August 31, 2020

Case Presentation: A 4-year-old previously healthy Hispanic female presented to the ED with a diffuse rash and facial swelling, concerning for an apparent allergic reaction. She was rushed into the treatment area for evaluation of possible anaphylaxis and respiratory assessment. She was tachycardic with a heart rate in the 130s, tachypneic, and borderline hypotensive for her age. Initial exam was negative for wheezing or stridor, but she had edema to the face and neck with a red raised rash covering her face. Epinephrine, Benadryl, and Solumedrol were ordered STAT given concern for airway compromise secondary to a severe anaphylactic reaction.

August 27, 2020

The Coronaviridae family and its genera coronaviruses have been implicated as having neurotropic and neuroinvasive capabilities in human hosts (Bohmwald 2018). They have been associated with the development of neuropsychiatric symptoms, seizure activity, encephalomyelitis, acute flaccid paralysis, cerebral venous sinus thrombosis, Guillain-Barré syndrome, as well as cerebrovascular disease (Bohmwald 2018, St Jean 2004). Recently, there has been a growing body of evidence supporting the association of SARS-CoV2 with neurological abnormalities. A systematic review looking at the incidence of secondary neurological disease in patients diagnosed with SARS-CoV2 found rates to vary from 6-36.4% (Herman 2020). At the time of this submission, there have been ten reports of acute transverse myelitis (ATM) attributed to SARS-CoV2, and others are currently being submitted or are in pre-print at this time (See infographic below). ATM has a varied presentation and is associated with significant morbidity and mortality that necessitates increased awareness and vigilance on the part of the clinician. This has become especially important in light of a possible causal link of ATM to SARS-CoV2 with emerging cases during the COVID-19 pandemic. Here, we review the salient features of infectious ATM (both para-infectious and post-infectious) to increase recognition of this disease entity.

August 17, 2020

Background: The most severe SARS-CoV-2 infections result in an intense inflammatory response which can lead to acute lung injury and/or acute respiratory distress syndrome.  Theoretically, potential treatments for severe disease should have anti-inflammatory action without substantial side effects. One candidate medication is colchicine, which has traditionally been used to treat gout and pericarditis. It has yet to be determined if the use of colchicine might improve clinical outcomes by its combination of anti-inflammatory action with an acceptable safety profile in patients with COVID-19.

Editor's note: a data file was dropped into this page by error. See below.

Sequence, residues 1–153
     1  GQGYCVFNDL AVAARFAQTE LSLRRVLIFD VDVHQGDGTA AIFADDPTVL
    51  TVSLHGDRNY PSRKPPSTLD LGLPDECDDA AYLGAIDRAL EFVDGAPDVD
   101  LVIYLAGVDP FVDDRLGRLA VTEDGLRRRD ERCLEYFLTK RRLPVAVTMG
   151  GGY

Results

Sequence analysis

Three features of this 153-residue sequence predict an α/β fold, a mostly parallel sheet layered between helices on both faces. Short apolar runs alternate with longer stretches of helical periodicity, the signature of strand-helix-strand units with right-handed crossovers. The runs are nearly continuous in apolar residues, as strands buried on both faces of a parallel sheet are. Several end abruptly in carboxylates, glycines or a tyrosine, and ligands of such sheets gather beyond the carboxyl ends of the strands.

August 6, 2020

Background: As the COVID-19 pandemic continues a number of challenges have arisen. Amongst these is the ability of clinicians to predict which patients will suffer from early decompensation. It is well established that there are patients that will rapidly decline while others, who initially present similarly, will continue without disease progression. A clinical decision instrument (CDI) to guide clinicians can be useful placing patients requiring hospital admission at the correct level of care without over-utilizing ICUs or, putting patients on the floors who will suffer from early decompensation.

July 22, 2020

Take Home Points
  • Spinal Epidural Abscess may present insidiously and patients often lack the classic triad of fever, back pain and neurologic symptoms
  • Empiric Antibiotics should cover Staphylococcus (including MRSA) and Gram negative Bacilli
  • All patients with clinical suspicion require rapid evaluation with MRI as the diagnostic study of choice
  • Although not all patients will go to the operating room, surgical consult (Neurosurgery or Orthopedics) should be obtained emergently